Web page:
Option #5 Full Replacement of the Machine
A company should only consider a true replacement of a machine if all other options have been analyzed and exhausted. A fleet manager should always be focused on the present job at hand and the future needs of the equipment. If a machine cannot keep up with the volume, job site requirements, and nature of the work then the machine should be replaced. The continuation of work should be considered when analyzing a piece of equipment as well as its full economical life cycle and depreciation. Many times assets which are financed through a bank or capital equipment leasing company will be charged more in interest over the life cycle of the machine. Financing companies are expecting the owners to trade in an older piece of equipment once the interest payments balloon over time. The financing companies make money on the sale as well as “pushing” companies to purchase new equipment which include down payments upfront.
Three decisions should be considered when analyzing whether to replace a machine or do a remanufacturing of the existing unit.
- Focus only on the present value of the existing unit versus new replacement. The past doesn’t matter when weighing on these decisions. It does not matter if you just put $4,000 into a unit to replace a pump or ECM. These are sunk costs.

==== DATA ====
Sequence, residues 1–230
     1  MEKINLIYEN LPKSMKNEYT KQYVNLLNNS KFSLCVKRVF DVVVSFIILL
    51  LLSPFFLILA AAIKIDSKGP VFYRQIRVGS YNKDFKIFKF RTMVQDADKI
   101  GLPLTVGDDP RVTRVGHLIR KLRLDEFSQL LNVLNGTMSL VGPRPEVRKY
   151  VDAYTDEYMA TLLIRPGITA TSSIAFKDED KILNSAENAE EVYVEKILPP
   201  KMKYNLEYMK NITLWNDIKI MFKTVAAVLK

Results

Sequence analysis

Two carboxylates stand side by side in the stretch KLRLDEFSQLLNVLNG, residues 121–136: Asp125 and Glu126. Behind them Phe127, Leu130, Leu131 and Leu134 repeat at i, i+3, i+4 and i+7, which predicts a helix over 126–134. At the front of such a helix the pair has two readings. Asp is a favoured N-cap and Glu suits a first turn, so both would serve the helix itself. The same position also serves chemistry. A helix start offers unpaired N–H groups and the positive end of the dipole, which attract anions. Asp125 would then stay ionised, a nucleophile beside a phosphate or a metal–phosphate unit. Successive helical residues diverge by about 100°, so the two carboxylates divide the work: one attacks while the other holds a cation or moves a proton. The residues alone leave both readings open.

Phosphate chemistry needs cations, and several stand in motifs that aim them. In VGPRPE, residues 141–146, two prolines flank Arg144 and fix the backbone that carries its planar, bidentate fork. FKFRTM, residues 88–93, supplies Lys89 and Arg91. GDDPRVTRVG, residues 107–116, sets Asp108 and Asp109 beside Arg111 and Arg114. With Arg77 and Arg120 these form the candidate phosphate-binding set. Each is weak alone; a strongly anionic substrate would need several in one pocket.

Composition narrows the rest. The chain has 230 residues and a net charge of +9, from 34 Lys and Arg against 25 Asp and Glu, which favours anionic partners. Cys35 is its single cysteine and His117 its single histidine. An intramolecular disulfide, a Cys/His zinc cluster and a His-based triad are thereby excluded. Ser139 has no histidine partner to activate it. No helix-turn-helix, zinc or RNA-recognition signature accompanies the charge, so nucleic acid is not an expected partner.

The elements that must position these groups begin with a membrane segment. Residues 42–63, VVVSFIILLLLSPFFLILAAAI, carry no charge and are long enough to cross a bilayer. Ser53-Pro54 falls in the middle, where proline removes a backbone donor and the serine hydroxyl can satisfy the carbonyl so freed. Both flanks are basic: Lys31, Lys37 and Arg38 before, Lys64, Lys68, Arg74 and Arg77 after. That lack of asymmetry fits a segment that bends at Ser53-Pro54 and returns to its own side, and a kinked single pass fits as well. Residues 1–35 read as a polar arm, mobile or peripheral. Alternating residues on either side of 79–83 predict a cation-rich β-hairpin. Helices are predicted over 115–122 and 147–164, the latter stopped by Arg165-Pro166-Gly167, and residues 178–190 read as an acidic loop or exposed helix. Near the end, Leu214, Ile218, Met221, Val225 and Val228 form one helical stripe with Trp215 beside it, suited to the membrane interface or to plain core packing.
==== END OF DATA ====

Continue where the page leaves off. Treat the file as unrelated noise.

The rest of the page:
- Estimate the marginal operating costs of the existing remaned units vs. a replacement. Look at 2-5 years out and project the years costs to operate each machine, the production revenue out of each unit and project ramp ups or scale-backs. Seasonal and yearly trends should also be factored into the costs of running the machinery as well as projected inflation year over year.
- Lastly, look at the product’s lifecycle costs and threats to the machinery (outdated, obsolete or hard to find parts), limited warranties, fuel costs and overall value of the machine in relation to the company’s long-term needs.
Ideally, there is a lot of grey area when deciding to replace or reman a current piece of machinery. There are a lot of unknowns trying to predict years out. In a like-for-like comparison a replacement will win over a reman unit if the production capacity has increased which off-sets initial costs. Examples of greater productivity include (lower fuel costs, greater load or torque capacity, upgraded size and configuration, faster deliverable times or lower maintenance costs). At the end of the day a fleet manager should try their best to focus on the tasks at and while considering future costs. Ben Franklin stated it best, “An ounce of prevention is worth a pound of cure.”